The British have long been the punch line for bad oral care. It’s not clear where this came from but perhaps it has something to do with all the tea we drink and the high amount of sweet cakes and cookies we consume. Because I came to the United States when I was 7, I only remember my friends as having little teeth as so I can’t comment on their current state or the orthodontia sagas they may have endured. I should add here that I was also a thumb-sucker. Those familiar with this will know that the habit can push the teeth forward as they are evolving and growing. Somewhere between ages 4 – 6, my father bound each of my hands at night before I went to sleep so I wouldn’t suck my thumb or scratch due to eczema. Immediately after he left, I would be upright under the covers in the dark, desperately trying to pull them off but I couldn’t. I would eventually fall asleep defeated and trapped.
Dr. Suslova, my dentist who had suggested I see the orthognathic surgeon, was the recommendation of someone I’d met in a support group. Her first office lay on the outskirts of NYU and was close to Washington Square Park. She is Eastern European, and wears glasses that don’t have frames, just golden arms burrowed into the lenses. She is lovely and smart about her treatment. It’s not clear how she feels when she looks at my crooked mouth. If she feels horror or revulsion, she never lets on.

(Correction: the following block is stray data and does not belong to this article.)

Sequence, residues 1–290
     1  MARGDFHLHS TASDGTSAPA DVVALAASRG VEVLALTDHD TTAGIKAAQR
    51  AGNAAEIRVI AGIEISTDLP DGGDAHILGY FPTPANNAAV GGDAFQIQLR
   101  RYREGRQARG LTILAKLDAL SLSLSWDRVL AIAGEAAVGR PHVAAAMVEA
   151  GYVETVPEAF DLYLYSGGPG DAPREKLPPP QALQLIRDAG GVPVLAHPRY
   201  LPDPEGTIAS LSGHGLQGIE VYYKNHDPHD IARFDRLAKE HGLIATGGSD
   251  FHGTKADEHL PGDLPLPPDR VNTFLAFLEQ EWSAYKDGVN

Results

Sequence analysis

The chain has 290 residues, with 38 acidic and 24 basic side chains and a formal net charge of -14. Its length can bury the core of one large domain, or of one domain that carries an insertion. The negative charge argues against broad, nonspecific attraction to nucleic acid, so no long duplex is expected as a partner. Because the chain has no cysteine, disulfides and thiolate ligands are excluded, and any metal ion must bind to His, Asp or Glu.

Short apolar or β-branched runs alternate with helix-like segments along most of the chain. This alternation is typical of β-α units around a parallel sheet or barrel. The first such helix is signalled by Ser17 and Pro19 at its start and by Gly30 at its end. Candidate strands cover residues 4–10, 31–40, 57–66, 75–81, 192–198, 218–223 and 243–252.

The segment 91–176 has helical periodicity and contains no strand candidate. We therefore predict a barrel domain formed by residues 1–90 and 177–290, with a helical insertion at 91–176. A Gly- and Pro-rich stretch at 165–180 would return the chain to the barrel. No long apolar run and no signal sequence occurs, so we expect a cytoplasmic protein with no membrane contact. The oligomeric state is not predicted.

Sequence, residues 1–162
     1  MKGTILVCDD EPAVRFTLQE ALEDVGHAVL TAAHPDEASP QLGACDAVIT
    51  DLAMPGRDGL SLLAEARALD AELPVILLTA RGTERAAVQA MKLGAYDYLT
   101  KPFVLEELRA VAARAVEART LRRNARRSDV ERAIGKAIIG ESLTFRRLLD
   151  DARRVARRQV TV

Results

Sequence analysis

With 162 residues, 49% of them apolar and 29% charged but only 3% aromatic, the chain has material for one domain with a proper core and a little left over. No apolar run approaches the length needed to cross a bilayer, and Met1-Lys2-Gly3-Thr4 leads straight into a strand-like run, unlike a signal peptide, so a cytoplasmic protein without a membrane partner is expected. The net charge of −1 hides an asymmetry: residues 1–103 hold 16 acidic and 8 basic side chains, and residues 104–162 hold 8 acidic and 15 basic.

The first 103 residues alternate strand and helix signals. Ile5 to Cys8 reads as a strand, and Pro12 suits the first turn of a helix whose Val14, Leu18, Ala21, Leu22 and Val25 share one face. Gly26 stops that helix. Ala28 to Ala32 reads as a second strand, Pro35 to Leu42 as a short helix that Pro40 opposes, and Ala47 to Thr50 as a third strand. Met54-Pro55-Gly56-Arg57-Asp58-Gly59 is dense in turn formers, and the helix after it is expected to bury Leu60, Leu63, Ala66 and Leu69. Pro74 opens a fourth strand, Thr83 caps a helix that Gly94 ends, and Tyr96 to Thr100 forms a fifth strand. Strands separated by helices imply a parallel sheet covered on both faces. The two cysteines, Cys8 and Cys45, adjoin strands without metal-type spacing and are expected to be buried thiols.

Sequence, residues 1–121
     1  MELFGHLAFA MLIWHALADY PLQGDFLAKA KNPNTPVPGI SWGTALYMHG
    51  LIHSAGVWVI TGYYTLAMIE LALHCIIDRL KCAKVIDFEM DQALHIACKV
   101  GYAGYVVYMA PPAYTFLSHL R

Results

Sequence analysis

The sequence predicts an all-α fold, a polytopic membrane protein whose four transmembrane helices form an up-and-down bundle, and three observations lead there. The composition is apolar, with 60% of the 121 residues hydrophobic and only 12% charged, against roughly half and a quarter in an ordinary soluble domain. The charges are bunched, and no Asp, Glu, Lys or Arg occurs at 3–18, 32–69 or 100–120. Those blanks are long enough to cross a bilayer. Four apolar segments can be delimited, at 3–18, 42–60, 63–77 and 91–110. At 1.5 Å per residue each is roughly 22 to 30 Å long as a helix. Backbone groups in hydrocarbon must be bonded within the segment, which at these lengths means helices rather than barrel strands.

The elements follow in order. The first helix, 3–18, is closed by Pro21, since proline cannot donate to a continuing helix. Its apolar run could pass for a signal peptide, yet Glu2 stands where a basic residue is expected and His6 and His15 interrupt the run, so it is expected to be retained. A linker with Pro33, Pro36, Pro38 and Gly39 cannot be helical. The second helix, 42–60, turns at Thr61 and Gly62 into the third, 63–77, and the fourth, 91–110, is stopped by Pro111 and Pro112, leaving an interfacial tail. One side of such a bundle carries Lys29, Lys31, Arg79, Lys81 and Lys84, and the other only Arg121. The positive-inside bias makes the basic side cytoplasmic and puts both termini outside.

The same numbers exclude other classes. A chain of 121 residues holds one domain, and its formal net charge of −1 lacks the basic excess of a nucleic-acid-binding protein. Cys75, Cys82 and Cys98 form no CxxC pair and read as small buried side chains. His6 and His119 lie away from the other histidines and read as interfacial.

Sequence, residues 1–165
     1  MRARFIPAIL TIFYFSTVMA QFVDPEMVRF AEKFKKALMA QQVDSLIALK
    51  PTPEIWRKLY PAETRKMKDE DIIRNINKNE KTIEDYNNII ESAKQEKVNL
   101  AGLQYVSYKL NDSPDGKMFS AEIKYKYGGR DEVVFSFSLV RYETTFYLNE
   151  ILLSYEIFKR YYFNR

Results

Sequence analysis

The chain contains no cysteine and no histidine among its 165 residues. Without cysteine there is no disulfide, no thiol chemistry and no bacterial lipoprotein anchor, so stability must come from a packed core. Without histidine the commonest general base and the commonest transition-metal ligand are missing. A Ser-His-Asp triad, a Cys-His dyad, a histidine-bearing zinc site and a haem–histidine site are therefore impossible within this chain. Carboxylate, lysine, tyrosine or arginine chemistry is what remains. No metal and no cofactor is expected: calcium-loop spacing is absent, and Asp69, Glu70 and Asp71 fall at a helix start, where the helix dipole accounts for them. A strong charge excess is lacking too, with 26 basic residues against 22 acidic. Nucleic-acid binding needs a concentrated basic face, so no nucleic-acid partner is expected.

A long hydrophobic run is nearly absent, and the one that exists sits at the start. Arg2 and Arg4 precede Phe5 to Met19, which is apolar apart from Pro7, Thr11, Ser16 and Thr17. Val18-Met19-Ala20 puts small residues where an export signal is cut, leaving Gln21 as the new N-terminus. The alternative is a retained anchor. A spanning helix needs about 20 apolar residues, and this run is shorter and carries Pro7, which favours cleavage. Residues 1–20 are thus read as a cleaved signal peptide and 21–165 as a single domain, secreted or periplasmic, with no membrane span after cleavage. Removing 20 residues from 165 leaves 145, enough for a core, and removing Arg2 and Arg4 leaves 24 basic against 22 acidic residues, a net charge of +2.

That office was large and long, with blue walls, dark brown office furniture and low ceilings. The waiting room, to the left of the entrance, had magazines on a low table and dark wall colorings. The receptionist, a middle–aged black woman, was matter of fact. On an appointment day where I’d been having a rough time prior to my arrival, had possibly been crying and arrived late, she barked as soon as I’d walked in, ‘You’re late.’ She was the human manifestation of the squawk box in my head that relentlessly informed me of my shame, insecurity and mistakes. Yes, I had trouble getting to places on time. Why this was was a mystery. I wanted to be black or I wanted to be late but to be reminded that I was late while black reminded me that I was representing the race everywhere I went and that I shouldn’t be another disappointment who was embarrassing us by showing up on colored peoples’ time. I didn’t need the additional pressure that the burden placed on me and resented her calling me out in front of other patients who were frequently white.